The Happy Wanderer

2 February, 2012

As a little girl, I always loved the idea of travel. The concept that I could get on a plane and discover a new world was one I learned early in life, as the child of an international student doing her graduate studies in the US. Add to that the child-like wonder and fascination I fell every time I watch planes take off and land (like how do they get over 600,000lbs of metal, electronics and human beings off the ground? How? It’s an everyday miracle, in my mind). Step out of a plane and you have the opportunity to change your whole perspective on life.

I’m joyful every time I know travel is upcoming, I’m like the Happy Wanderer, who sings:

 I love to go a-wandering,
Along the mountain track,
And as I go, I love to sing,
My knapsack on my back.

That’s all I need really, my passport, a few essentials, and I’m off into the blue yonder, to find the treasure in the journey as well as in the destination.

Having made my first journey (pilgrimage?) to Mysore, India, I return to my island paradise home with a deep sense of gratitude, for all the things I have, the privileges I take for granted, and the resources I have at my disposal without really even thinking about it.   Who knew I’d miss my soft bed and bathtub so much? For all the things I miss about about Gokulam, there are an equal number of things I treasure about being in Jamaica. The thing  is I’m truly aware, and equally aware of the instances where I and my contemporaries are guilty of forgetting our blessings.

I’m humbled when I can see the 8 x 10 foot shacks that the average family of 6 in Bombay must share, and that there is a cadre of 400,000 people directly associated with washing and drying ALL the laundry for a city of 22 million ( this is just the accounted-for population; I’m told there’s an additional 40%). I now just smile when I think of the Hindu cows who would stroll contentedly down streets, while pedestrians and motorists alike struggled to stay out of their way. I understand the value of one rupee. I’ve seen equal parts of pain and triumph, a sense of accepting one’s karma and striving for the best one can do at the same time. It makes me realize that each country has its travails and challenges, and that no place is perfect.

Sweet Jamaica is no more, no less than any other nation, but I think that some of its people have forgotten what they have (I shared this sentiment with a student this morning, who also happens to be a Member of Parliament and he felt the very same – “the hand-out mentality makes me so sad” he said), a sense of ennui and entitlement has replaced the enterprising spirit and enduring determination that I grew up appreciating was an earmark of being Jamaican.

Would that we too can learn the lessons of this life. Would that we could recapture that gratitude for everything and that diligent way of pushing through to the finish. Like doing your practice and making it, breath by breath to the end. Like seeing how other people live and being grateful for what you have, rather than comparing it to the lifestyle of others. Like really recognizing that happiness is a spiritual practice you can tap into each and every day.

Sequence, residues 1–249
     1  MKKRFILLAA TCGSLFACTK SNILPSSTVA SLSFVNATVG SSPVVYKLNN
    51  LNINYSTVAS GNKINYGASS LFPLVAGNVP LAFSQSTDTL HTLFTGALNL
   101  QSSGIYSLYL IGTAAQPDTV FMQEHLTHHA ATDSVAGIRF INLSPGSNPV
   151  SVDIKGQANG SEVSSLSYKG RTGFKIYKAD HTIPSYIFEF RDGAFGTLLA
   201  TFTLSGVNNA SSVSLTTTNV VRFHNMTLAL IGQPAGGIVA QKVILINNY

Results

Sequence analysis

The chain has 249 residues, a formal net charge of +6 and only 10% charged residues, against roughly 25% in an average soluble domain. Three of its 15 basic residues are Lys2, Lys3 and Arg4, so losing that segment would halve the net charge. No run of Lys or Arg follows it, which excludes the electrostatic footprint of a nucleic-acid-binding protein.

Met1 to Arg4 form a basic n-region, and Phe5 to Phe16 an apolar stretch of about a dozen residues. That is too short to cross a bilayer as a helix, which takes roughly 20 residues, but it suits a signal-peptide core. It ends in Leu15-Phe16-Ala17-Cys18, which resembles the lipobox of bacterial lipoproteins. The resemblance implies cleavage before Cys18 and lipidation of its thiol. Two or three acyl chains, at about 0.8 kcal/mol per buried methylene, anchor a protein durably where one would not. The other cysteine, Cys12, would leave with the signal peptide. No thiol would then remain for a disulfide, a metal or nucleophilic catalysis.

Ever grateful
SWWW

Advertisements

This post is early, for two reasons. First, I’m off to lunch to say goodbye to my teachers Kino Macgregor and Tim Feldmann (they’re off to Goa to teach a workshop, isn’t the yoga life great? Certainly when you’re gifted, devoted and proficient practitioners who are blessed by Sharath to teach) and then going out to a Lyme tonight, so I didn’t want to post too late (like I’m on some sort of schedule, eh?)

The second reason is the more important, and it’s that I learned a practical lesson of commitment between yesterday and today than I wanted to note down and share. The lesson is “if you give your word, it must mean something”. Simple, right? You’re thinking “THAT’s the rest lesson?” but what I mean is, as small as a task is, or as insignificant a promise, keep it. Try. This is commitment in action. I learned this by not keeping my word yesterday. The situation is simple enough, I was supposed to meet a new friend at the coconut stand (I had asked her to follow ME somewhere), but yesterday I was exhausted and flaky, and overslept and didn’t show. Sometimes we never know how our actions impact others, but when we ask, the truth can be sobering. I saw my friend at practice this morning, and she was forgiving, but her energy was somehow different (I’m sensitive enough, even as blockheaded and tired as I was after Sharath smilingly battered us in Led Primary, which was good – I didn’t tell you Ashtanga practitioners really go hard? 😉 ). I asked her, and she said she was indeed annoyed at my no-show, given that I had asked HER and not the other way around, and that she gave up the opportunity to do other things, waiting on me. The ultimate facepalm. I felt (and still feel) so bad about it. It’s as if you can’t apologize enough. She was so gracious about it, saying “don’t feel bad, we talked it out, cleared the air, and now we both know”. I know this, but how I feel now is teaching me “this is another reason that you’re here, why you do this practice, to learn to be immaculate with your word, and if you cannot be, make the effort to honour the other party in some other way”